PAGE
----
The basic energy source of living things comes from sunlight, but animal cells cannot use sunlight energy directly, unless it is transformed into chemical energy. Chloroplasts (plant cell and algae organelle)  change sunlight energy into chemical energy stored in organic substances such as carbohydrates. And animals and other cells do not have chloroplasts rather, get energy from breaking down those organic substances.

Mitochondria in animal cells are responsible for transforming the chemical energy into adenosine triphosphate (ATP) which cells can use directly.

What we should deduce from this is that both mitochondria and chloroplasts are energy producing organelles in cells. This is why they are generally called power houses.


To understand how mitochondria functions to synthesize ATP, we have to study it’s sophisticated structure first.

Mitochondrion. Click on image for credit.

Mitochondria (singular mitochondrion) have two highly specialized membranes and an intermembrane space, and a large internal space called the matrix. The outer-membrane has many molecules of transport proteins which form gateways also called channel proteins, through to the inner-membrane. These gateways appear to be porous (like a sieve) and permeable to molecules of 5000 dalton (1 dalton = mass of 1 hydrogen atom).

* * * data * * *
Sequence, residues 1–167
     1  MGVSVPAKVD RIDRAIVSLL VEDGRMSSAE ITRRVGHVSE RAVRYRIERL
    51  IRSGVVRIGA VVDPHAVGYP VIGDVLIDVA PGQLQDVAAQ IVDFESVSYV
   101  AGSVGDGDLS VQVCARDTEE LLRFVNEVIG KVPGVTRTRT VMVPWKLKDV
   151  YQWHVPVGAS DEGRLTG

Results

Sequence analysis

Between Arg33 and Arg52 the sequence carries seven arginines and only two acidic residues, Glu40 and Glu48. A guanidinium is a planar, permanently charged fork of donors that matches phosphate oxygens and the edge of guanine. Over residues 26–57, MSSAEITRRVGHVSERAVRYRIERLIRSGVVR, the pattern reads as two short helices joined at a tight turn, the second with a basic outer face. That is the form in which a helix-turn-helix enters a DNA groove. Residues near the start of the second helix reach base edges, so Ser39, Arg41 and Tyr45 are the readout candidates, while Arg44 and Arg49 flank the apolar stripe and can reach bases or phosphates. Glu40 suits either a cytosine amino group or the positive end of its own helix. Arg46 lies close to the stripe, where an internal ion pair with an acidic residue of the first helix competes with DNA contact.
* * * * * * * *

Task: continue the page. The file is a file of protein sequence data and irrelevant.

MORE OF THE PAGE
The inner-membrane, however, is less permeable and contains integral proteins (integrin) that are selective to the molecules and compounds which can enter the mitochondrial matrix.

Because the outer-membrane is highly permeable and the inner-membrane very selective, the intermembrane space is similar to that of the cytosol, however, the mitochondrial matrix contents are highly specialized.

Most of the proteins embedded in the inner-membrane are components of the energy producing processes and therefore are highly convoluted (twisted in on itself to provide a larger surface area by covering very little space). These enfolding are known as cristae.

Once again, because the cristae are part of the inner-membrane and contain the proteins necessary for ATP synthesis, depending on the energy needed for the cell, the cristae may increase or decrease. For example, cardiac muscle cells have three times more cristae in their mitochondria than liver cells, because of greater demand for ATP.

In cells, mitochondria can have many different shapes (polymorphism) and are present in different quantities (variable), and can move around (mobility) and can produce ATP depending on the energy required in the cell (adaptability). In skeletal muscles, for example, the number of mitochondria can increase 5 to 10 times, if the muscle is required to move so much, as in regular exercise.


Biochemically, many chemical components of mitochondria are:

  1.  Proteins which can be classified into two types:
  • Soluble proteins; which are manly enzymes and peripheral proteins (Chapter 3).
  • Insoluble proteins; which are integral proteins and cytoskeleton proteins (more in chapter 6).

2.    Lipids, largely phospholipids.


However, one thing to note is that half of the outer-membrane is made of protein and the other half is made of lipid, while in the inner-membrane 80% is protein and the rest 20% is composed of lipid.